LBCA: Can you explain how the AI DS technology improves the methods of ILC detection? Does it work with just the ultrasound?
Dr. Amir: The AI DS supports radiologist decision making in accurately recommending ILC for biopsy. (The AI DS does not function to and was not designed to detect the presence or absence of a mass.) This AI DS is used for ultrasound but other AI tools (not investigated in this study) exist for mammography and MRI.
LBCA: Your team utilized Breast Imaging Reporting and Data System (BI-RADS) to assess your findings in this study. Can you explain how the BI-RADS system works and how it describes possible malignancies?
Dr. Amir: A BI-RADS assessment is a numerical score assigned by the radiologist with the results of a mammogram, ultrasound, or MRI and is associated with a likelihood of malignancy and recommendation for next steps. A BI-RADS 1 and 2 assessment corresponds to a negative and benign result, respectively, or essentially a near 0% likelihood of malignancy. A B-RADS 3 assessment indicates a probably benign result, associated with a 2% or less likelihood of malignancy, and is usually followed closely with imaging. A BI-RADS 4 or 5 assessment indicates a result suspicious or highly suspicious for malignancy; BI-RADS 4 indicates a greater than 2% and up to 95% likelihood of malignancy while a BI-RADS 5 indicates a 95% or greater likelihood of cancer. BI-RADS 4 and 5 result in a biopsy recommendation.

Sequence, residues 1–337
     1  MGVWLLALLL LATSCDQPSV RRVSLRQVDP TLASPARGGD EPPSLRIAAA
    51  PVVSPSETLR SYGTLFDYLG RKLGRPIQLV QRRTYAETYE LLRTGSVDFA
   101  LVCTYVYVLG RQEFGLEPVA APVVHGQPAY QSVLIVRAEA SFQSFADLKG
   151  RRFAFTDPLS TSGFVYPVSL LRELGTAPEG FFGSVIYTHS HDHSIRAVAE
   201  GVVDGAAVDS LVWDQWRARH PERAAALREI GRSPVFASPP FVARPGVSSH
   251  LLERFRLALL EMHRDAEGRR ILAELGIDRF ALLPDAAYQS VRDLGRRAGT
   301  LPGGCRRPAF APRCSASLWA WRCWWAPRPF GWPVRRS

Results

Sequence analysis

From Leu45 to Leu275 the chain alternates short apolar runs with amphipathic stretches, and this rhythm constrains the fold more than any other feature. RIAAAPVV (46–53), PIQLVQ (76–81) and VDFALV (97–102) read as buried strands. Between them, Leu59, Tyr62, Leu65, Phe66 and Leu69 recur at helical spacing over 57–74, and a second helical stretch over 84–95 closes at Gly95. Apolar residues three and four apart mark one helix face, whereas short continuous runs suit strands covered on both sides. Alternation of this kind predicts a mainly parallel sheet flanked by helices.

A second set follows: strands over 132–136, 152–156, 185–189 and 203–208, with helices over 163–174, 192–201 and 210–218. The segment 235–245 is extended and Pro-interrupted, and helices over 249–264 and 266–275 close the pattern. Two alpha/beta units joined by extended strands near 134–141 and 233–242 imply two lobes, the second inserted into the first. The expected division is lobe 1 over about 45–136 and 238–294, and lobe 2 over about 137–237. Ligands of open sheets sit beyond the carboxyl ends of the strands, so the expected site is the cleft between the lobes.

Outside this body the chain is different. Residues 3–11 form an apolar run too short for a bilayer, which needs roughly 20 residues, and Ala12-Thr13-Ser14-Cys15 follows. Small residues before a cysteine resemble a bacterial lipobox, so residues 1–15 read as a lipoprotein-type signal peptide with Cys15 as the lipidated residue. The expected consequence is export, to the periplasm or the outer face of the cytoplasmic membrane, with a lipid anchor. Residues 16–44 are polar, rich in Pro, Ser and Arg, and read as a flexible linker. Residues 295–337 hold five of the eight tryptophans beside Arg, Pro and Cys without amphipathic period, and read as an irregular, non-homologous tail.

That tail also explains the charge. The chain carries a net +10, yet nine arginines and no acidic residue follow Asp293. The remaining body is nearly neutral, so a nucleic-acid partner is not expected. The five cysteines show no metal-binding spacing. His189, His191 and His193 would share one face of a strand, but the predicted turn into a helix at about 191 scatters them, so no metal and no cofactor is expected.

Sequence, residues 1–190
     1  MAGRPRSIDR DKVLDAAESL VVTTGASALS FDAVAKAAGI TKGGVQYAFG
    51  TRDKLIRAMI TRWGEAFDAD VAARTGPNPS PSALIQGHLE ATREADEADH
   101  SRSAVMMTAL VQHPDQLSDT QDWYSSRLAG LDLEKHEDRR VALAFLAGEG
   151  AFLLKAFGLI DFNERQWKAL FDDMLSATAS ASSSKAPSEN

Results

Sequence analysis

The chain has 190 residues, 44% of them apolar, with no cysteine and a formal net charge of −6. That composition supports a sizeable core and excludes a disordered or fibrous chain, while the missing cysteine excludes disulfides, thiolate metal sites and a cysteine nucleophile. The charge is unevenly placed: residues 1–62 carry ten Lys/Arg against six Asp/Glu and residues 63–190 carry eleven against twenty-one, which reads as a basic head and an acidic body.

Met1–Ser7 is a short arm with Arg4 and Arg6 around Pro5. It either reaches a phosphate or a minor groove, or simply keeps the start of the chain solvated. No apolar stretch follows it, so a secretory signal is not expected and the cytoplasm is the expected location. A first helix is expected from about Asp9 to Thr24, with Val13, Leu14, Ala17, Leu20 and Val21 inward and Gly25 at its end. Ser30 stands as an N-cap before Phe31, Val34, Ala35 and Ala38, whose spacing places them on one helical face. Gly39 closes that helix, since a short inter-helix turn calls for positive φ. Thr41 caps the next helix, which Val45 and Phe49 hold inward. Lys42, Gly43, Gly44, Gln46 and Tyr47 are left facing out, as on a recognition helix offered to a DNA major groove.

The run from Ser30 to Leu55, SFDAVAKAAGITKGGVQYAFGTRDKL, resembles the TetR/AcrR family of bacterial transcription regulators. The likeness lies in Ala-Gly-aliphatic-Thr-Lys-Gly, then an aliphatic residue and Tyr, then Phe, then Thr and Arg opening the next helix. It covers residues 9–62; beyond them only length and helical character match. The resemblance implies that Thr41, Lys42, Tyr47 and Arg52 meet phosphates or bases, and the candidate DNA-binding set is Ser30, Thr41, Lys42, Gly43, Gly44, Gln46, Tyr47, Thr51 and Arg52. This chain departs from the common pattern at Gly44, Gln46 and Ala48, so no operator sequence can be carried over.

LBCA: Was the AI DS technology used on any patients in addition to the 75?
Dr. Amir: In this study, the AI DS was used only on the ultrasound images of the 83 ILCs in the 75 patients described. Colleagues have investigated the use of this AI DS in additional patients. This software is FDA approved for use in clinical practice and is used at multiple medical centers and radiology practices.
LBCA: What do you perceive to be the significance of this study in the present world of lobular breast cancer diagnosis, and when do you think this technology will have an impact?